A new study (pdf) published by the Pew Internet & American Life Project has found that there is a growing digital divide across America.
John B. Horrigan’s analysis of America’s use of Web 2.0 and information and communications technology in the broader sense shows that whilst a reasonable number of Americans are embracing new technology and Web 2.0, a disturbing number are either not getting the message, or are choosing not to participate.
31% of Americans are considered to be “Elite Tech Users”, where as 49% have few tech assets, either engaging with the online world only on occasion, or not at all.
8% of people are considered to be “omnivores” which the study describes as being Web 2.0 devotes, highly engaged with video online and digital content; “creative participants in cyberspace”.
Is the switch off factor strictly a question of Age? The study found that the Top 8% are young, ethnically diverse, and mostly male (70%). The median age of the Top 8% is 28 with more than half of them under the age of 30. The bottom 15% was not surprisingly older, with a median age of 64 – and as a group reported the lowest levels of household income. And yet this group isn’t entirely switched off: 82% watch TV everyday and 76% have cable or satellite service, and collectively had the highest levels of watching TV or listening to radio of any group in the study; it’s just that there not using Web 2.0.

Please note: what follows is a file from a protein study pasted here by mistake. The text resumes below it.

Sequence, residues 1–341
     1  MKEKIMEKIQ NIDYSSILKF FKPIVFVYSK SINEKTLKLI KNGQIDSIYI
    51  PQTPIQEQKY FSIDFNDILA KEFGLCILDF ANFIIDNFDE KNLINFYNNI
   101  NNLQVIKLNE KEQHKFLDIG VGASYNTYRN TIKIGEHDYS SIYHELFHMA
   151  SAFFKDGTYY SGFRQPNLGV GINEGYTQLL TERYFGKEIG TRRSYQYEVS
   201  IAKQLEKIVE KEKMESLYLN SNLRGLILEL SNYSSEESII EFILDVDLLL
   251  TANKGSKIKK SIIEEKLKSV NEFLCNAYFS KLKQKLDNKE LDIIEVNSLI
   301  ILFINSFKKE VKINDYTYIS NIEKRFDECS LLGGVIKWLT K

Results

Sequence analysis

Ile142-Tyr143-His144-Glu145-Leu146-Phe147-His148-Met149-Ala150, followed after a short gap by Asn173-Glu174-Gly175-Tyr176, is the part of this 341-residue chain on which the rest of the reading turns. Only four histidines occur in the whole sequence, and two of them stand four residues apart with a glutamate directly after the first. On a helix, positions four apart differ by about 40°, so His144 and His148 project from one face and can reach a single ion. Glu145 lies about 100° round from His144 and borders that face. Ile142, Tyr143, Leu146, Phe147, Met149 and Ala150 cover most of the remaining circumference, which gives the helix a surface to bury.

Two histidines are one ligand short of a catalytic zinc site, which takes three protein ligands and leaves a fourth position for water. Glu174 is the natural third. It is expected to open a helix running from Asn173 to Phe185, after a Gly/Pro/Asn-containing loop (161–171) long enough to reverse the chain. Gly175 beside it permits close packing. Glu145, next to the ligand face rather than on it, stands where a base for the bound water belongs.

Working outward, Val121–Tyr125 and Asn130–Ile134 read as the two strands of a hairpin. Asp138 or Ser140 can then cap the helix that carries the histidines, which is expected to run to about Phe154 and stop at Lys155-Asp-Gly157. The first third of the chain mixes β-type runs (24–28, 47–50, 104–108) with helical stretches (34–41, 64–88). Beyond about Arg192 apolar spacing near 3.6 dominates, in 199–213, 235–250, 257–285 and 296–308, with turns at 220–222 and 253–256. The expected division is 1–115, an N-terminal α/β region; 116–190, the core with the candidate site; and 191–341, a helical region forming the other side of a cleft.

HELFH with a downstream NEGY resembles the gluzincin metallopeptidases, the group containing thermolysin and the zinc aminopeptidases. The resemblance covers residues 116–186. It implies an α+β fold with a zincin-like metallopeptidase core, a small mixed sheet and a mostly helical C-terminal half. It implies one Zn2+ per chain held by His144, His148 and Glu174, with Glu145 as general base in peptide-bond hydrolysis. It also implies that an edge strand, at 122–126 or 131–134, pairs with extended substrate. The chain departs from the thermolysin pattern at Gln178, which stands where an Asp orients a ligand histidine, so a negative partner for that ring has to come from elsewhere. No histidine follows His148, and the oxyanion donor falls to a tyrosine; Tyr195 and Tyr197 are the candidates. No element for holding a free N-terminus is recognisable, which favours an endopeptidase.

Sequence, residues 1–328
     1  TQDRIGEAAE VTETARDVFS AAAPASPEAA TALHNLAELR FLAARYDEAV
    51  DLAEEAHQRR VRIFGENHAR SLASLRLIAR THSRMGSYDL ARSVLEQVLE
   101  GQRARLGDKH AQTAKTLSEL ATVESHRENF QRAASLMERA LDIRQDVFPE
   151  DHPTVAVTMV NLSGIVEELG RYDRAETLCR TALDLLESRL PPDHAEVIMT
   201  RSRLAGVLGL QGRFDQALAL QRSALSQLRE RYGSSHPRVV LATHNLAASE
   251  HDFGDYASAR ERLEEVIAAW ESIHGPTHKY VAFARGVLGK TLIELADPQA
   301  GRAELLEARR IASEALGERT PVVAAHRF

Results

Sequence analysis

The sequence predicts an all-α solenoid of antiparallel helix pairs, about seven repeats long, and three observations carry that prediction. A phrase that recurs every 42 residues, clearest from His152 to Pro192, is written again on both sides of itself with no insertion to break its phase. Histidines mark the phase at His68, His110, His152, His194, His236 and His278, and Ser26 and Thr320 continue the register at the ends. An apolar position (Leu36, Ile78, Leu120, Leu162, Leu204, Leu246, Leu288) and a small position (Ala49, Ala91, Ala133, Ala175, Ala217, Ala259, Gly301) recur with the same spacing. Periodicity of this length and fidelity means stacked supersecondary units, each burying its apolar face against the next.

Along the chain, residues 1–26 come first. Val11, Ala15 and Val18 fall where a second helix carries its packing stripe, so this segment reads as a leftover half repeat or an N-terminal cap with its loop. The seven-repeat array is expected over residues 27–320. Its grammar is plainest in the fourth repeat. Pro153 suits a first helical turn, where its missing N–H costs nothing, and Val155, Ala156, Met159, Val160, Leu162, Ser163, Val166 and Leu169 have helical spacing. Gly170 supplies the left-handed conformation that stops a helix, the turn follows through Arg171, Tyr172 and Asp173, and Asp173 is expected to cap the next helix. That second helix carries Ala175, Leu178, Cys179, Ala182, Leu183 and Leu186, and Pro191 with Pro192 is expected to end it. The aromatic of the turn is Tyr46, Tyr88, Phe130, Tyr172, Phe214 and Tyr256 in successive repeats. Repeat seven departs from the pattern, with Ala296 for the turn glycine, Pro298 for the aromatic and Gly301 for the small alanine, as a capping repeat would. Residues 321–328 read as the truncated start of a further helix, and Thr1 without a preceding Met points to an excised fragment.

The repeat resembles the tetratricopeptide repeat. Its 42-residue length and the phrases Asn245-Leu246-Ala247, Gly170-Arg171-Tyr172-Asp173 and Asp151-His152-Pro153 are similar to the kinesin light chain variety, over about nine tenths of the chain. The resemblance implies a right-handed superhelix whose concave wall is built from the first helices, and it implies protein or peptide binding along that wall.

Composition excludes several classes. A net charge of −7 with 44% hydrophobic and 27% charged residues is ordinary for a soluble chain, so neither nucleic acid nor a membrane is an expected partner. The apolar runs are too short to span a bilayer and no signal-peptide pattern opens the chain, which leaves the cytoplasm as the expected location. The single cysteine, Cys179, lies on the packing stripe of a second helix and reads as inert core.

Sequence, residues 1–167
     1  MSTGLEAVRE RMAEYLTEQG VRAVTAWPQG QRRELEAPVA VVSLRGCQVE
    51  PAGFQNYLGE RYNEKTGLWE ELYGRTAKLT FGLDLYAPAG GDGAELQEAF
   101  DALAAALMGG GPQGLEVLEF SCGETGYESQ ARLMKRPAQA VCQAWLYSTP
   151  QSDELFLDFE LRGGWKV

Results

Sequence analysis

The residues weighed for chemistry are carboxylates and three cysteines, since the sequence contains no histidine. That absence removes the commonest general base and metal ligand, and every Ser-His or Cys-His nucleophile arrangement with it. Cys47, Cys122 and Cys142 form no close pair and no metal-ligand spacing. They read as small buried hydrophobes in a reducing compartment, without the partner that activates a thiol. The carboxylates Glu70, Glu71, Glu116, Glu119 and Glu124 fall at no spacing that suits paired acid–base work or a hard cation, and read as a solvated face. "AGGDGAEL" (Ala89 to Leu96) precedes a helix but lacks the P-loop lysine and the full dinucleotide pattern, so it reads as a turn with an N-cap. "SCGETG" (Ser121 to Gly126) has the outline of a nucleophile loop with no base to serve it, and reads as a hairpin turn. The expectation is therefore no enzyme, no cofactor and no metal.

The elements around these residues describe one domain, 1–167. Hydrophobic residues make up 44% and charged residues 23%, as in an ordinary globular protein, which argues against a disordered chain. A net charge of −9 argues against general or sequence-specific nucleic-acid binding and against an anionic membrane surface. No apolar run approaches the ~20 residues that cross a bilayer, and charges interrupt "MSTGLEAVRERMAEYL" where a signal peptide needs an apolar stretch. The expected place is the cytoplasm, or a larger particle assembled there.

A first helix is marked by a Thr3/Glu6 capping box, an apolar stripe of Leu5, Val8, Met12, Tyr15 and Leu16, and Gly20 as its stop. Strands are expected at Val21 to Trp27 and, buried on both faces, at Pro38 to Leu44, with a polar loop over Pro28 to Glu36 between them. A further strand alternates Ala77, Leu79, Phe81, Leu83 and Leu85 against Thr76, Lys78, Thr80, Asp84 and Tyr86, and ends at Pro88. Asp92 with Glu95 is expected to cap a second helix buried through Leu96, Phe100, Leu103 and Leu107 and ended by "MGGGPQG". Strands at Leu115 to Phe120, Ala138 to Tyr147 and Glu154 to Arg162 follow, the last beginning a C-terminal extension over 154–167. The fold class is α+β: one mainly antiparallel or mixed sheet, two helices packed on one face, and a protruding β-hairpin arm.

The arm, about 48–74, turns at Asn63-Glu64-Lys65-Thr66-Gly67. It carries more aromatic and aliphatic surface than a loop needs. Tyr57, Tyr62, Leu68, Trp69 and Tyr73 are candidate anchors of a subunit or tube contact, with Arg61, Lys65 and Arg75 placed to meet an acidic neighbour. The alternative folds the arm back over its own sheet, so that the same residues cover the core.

It would be easy to conclude that as an industry our message is not getting across as well it should be. Yet from such figures I’m actually drawn to the fact that such a high reported figure for those not engaging is an opportunity waiting to happen. There can be no market saturation until such time the 31% blows out to something closer to 100%.
As famously demonstrated with the Nintendo Wii, targeting a non-hardcore market can and does have its rewards.